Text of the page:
Sloterdijk conceives of society as a human park, a sort of zoo where order must be maintained by the keepers. Although this ‘pastoral’ view of society is based on Plato, contemporary references creep in, too: ‘Since the Politikos and the Politeia, there has been a discourse that describes human society as a zoological garden, which is the same as a theme park; from then on, keeping people in parks or cities has seemed like a zoo-political task.’footnote3 Traditionally, parks are places where nature has been tamed and ‘refined’, made suitable for human consumption. Plants are carefully grouped and groomed; animals are domesticated or kept in cages. In a theme park, nature’s dangers are simulated in thrilling ‘rides’: an excursion there is portrayed as an adventure—but one as safe as a visit to the zoo. In the ‘human park’ vision, society is a kind of zoo for people: their dangerous instincts must be curbed. Sloterdijk sees people as ‘animals under the influence’ of culture; the guardians of the park have to make sure these influences are beneficial.footnote4
It was the question of how to maintain stability inside the park in the face of the growing influence of the Dionysian mass media that led Sloterdijk to his remarks on genetic engineering. The polemics over this have tended to obscure the fact that Sloterdijk’s text, for all its fantastical aspects—or indeed because of them—has the virtue of making explicit a pervasive tendency in today’s culture. Despite its references to Plato, and a technocratic paternalism reminiscent of the modern state in its various guises (communist, fascist, democratic-welfarist), ‘Rules for the Human Park’ is above all marked by a contemporary fear of social disintegration. Sloterdijk is closer to Disney than to Plato. In Celebration, the disintegrating tendencies of a society seen as succumbing to Dionysian Enthemmungsmedien are locked out as much as possible.footnote5 And Celebration is just one famous example of a new kind of urbanism, in which towns are created as a refuge from the larger community. If the big human parks that used to be called nations have become unmanageable, then smaller, safer ones must be created for those who want to live a quiet life.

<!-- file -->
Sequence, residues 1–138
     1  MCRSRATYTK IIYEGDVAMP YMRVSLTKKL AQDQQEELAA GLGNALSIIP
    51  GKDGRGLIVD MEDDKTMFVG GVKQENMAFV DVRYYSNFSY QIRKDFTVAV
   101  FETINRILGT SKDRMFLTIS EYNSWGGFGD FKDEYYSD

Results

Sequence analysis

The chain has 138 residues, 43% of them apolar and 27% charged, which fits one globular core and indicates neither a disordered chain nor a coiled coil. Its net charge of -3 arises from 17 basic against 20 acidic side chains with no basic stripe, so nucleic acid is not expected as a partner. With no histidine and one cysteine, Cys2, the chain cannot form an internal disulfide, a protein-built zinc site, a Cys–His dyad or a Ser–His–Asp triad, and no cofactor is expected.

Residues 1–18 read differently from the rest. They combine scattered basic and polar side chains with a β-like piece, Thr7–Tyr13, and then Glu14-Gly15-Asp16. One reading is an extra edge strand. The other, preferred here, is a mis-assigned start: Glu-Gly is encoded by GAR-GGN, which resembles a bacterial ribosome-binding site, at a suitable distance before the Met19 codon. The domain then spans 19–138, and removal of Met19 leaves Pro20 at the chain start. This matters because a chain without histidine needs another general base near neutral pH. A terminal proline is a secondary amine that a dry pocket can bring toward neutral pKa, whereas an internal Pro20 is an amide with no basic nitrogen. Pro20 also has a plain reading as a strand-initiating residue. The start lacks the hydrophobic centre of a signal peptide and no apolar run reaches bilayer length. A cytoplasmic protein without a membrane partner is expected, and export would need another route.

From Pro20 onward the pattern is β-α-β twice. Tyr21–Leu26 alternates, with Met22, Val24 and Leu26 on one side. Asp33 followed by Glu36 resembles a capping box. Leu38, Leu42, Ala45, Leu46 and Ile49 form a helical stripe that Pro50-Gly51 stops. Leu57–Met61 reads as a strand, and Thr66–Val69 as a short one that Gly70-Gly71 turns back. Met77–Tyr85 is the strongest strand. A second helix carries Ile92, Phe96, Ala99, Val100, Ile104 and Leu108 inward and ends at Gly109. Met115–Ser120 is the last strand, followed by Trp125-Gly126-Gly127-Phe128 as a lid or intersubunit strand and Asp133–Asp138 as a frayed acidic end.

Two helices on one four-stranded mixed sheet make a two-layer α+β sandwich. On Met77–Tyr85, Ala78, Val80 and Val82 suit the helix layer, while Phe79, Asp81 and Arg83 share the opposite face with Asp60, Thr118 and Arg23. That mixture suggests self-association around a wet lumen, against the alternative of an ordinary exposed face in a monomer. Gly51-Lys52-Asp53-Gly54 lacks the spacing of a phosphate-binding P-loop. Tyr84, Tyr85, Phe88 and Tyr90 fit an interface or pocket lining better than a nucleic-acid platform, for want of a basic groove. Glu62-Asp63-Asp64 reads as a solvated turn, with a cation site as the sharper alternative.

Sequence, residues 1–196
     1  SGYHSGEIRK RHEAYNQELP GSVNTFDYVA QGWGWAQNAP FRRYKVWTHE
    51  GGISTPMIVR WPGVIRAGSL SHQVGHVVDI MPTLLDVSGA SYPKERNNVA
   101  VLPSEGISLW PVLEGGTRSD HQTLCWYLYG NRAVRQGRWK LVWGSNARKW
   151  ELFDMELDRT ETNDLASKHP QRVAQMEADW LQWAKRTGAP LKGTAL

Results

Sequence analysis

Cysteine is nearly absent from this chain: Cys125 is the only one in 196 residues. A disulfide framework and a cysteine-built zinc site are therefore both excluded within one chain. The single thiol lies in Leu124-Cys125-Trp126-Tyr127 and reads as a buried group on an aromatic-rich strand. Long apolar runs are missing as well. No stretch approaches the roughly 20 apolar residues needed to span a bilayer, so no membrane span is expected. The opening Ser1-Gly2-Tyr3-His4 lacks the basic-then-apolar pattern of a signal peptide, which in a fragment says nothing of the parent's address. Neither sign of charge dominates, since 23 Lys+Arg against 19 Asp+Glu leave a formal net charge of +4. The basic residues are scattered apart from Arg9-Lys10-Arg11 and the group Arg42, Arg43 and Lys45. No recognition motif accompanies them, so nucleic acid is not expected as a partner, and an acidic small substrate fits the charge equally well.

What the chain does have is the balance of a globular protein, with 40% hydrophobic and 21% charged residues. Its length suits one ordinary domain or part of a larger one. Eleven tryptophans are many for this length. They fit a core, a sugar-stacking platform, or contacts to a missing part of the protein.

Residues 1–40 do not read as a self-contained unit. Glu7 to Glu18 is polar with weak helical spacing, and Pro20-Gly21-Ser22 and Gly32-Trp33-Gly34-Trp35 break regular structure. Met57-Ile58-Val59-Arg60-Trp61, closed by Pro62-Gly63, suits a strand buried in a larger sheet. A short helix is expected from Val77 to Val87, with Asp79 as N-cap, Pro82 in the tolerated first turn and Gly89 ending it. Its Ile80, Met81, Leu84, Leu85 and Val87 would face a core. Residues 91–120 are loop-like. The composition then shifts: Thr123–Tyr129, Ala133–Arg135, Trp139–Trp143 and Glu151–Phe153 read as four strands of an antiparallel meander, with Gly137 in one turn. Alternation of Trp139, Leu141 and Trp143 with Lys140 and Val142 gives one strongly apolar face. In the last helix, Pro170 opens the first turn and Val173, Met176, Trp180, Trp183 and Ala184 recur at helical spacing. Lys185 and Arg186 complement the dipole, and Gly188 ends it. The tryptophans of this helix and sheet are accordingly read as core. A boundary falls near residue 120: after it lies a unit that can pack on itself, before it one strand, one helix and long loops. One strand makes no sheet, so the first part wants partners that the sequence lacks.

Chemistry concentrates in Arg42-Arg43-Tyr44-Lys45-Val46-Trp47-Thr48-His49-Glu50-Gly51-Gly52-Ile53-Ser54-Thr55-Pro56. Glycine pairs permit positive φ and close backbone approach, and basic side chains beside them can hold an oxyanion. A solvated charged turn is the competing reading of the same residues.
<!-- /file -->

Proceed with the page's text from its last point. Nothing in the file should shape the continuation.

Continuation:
In nineteenth-century America, a new conception of the park was born: the National Park, where a large tract of virgin land is placed under protection. Here it is no longer man who tames nature, and hence protects himself from the wild, but nature that is protected from human interference. This kind of park has become ever more dominant: the wilderness has to be left pure and untainted, and if there is none left it must be created—as in the areas of pseudo-authentic ‘new nature’ in Holland. In his writings of the late sixties and early seventies, American artist Robert Smithson attacked the ideology of nature parks, then receiving fresh impetus from the counterculture. In his view, conservationists traded one myth (that of progress) for another (‘untouched wilderness’). He advocated a ‘dialectical landscape’, in which the human and the natural, the modern and the ancient could co-exist and interact. Frederick Law Olmsted, creator of New York’s Central Park, was the master here. Central Park is an artificial creation, a wasteland turned into a superior ‘new nature’ which has continued to evolve through the decades. Smithson described how, in the early seventies, the section called the Ramble—with winding paths intended for thoughtful walks—teemed with ‘hoods, hobos, hustlers, homosexuals’, whom he apparently regarded as forces of untamed nature: ‘Olmsted has brought a primordial condition into the heart of Manhattan.’footnote6 Whereas communities like Celebration are based on the premise that society as a whole has evolved into a place full of scary ‘animals’, Smithson delighted in a dialectical park that was far from ‘well kept’.
Smithson’s critique of the ideology of progress in postwar America went hand-in-hand with a fascination for the primordial, the prehistoric. He found Charles Knight’s kitschy dinosaur paintings as compelling as anything in the canon of modern art (‘Note impressionistic treatment of water’).footnote7 Smithson did not so much want to oppose the ancient and the contemporary as to show how and when the latter becomes post-historical, post-apocalyptic. He wanted to identify points where the limits of the accepted view of historical progress might be surpassed, creating a post-historical condition which becomes one with its opposite, prehistory—also outside conventional history’s bounds. The industrial ‘monuments’ of Passaic, New Jersey, provided an illustration: